After giving clearance last year, Defence Ministry throws a spanner in the works
The Prime Minister's Office has been forced to call an emergency meeting to resolve a showdown between the Petroleum and Natural Gas and Defence ministries, which has stalled exploration work on several offshore oil and gasfields — something critical to India's energy security.
Last year, the Defence Ministry gave clearance for beginning work on eight offshore oil and gasfields in the Eastern and Andaman offshore zone — part of a tranche of 34 blocks which were offered to prospectors.
The bids were won by several Indian and multinational companies.
However, the Defence Ministry has refused to allow exploration, saying any activity could jeopardise naval operations. Internal documents of the Petroleum Ministry obtained by The Hindu show that the Navy, at a series of meetings held in August and September 2011, said the exploration would “hamper naval exercises.”
Naval sources said the objections centred round the fact that the exploration would take place in the areas being used for submarine manoeuvres and training.
The documents show that the Navy imposed restrictions on three blocks in the Eastern and Andaman offshore zone, after first agreeing that exploration could begin there.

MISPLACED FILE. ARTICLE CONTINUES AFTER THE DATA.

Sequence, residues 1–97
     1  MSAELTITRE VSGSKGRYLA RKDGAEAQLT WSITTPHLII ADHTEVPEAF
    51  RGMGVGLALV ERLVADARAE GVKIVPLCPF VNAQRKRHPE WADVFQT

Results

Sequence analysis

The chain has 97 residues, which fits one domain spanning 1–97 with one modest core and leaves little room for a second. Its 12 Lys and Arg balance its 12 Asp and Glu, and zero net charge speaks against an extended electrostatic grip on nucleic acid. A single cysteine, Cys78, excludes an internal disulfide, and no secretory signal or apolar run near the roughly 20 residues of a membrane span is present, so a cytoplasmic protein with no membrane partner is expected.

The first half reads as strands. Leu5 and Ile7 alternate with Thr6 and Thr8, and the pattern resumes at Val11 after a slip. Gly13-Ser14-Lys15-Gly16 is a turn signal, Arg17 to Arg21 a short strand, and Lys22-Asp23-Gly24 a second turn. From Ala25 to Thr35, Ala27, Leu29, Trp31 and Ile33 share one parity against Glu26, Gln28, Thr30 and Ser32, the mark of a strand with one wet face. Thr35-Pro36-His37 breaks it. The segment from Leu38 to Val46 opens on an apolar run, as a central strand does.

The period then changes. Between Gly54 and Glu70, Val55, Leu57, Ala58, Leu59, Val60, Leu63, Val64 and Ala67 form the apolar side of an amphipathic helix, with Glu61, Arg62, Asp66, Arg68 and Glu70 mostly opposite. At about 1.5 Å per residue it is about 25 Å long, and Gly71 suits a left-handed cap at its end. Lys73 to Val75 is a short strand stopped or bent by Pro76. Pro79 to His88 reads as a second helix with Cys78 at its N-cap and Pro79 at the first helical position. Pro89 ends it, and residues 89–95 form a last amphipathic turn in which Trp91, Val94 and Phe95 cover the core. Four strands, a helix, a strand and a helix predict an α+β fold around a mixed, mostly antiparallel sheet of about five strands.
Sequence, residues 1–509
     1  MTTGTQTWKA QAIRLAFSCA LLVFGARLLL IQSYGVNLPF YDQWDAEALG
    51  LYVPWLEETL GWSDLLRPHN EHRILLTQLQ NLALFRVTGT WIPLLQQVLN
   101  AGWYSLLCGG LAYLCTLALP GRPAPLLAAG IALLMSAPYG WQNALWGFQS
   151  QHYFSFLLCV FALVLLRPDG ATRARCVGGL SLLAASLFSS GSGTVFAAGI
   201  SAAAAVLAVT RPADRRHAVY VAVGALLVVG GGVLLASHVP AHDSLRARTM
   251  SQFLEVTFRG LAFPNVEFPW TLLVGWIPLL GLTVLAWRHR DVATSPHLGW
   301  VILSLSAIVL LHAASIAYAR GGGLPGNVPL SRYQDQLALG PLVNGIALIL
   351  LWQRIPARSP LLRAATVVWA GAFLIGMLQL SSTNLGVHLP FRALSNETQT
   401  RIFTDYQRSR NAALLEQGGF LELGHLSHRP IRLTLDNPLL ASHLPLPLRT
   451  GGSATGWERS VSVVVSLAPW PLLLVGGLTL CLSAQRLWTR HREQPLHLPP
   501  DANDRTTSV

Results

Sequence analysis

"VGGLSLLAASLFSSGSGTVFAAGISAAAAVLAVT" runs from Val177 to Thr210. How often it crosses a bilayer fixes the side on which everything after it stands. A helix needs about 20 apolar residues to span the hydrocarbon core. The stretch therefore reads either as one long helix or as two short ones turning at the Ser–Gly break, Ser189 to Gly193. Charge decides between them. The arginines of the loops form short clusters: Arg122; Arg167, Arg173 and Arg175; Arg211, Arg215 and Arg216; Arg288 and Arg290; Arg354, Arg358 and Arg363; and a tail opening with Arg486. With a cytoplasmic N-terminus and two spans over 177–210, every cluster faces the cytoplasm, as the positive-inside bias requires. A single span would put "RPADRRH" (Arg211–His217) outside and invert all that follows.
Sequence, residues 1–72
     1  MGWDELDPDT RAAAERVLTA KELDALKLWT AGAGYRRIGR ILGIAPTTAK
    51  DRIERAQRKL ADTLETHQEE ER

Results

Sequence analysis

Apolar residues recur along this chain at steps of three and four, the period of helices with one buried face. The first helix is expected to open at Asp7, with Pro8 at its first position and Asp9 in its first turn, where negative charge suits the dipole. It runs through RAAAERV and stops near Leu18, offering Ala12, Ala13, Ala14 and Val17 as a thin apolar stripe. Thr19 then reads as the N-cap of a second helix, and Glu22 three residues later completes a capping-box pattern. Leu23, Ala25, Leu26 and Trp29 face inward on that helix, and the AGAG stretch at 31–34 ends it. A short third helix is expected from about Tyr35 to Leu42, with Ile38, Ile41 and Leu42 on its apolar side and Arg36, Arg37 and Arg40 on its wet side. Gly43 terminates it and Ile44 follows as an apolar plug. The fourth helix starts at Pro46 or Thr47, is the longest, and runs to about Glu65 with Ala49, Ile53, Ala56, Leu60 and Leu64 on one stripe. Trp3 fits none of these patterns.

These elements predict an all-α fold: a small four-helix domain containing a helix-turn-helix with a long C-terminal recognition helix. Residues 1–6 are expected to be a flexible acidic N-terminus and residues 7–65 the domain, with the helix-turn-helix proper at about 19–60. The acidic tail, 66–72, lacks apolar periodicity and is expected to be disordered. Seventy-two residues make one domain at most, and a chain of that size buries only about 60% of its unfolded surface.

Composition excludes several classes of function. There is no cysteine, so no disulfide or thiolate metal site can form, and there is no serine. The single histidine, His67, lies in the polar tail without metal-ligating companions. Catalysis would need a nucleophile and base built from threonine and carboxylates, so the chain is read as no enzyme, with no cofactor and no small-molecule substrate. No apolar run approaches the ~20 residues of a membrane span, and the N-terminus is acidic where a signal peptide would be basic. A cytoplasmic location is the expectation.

The auction was held in the ninth round of the New Exploration Licensing Policy, under which multiple auctions have been held since it was put into effect in 2000.
“The three blocks were carved out and offered under NELP IX after obtaining Defence clearance issued by the Naval headquarters vide their note No. NI-04/0025/2010 dated September 15, 2010,” says a Petroleum Ministry note (dated August 19, 2011).
“On the basis of clearances given by the Defence Ministry vide note dated September 15, 2010 all necessary actions were taken, including printing of bid documents and giving advertisements in newspapers, inviting bids for 34 blocks under NELP IX.”
At meetings held in July and August, the Navy's representative was told “that if restrictions are imposed now in respect of these two blocks, then it may invite criticism and the credibility of Indian policies will be lost.”
The documents show that the Navy agreed to review its stand, while the Petroleum Ministry said it would point out the areas where no oil exploration was being planned — but no action was taken till December 23, 2011, when the last of a series of meetings was held.
Now, the Principal Secretary to the Prime Minister is scheduled to hold a meeting later this month in a last-ditch attempt to end the standoff.
In a December 23 note to the Directorate-General of Hydrocarbons, Petroleum Ministry Under Secretary R.S. Sikdar has asked it to come out with a comprehensive note having a background and status update with reference to each block for the PMO meeting.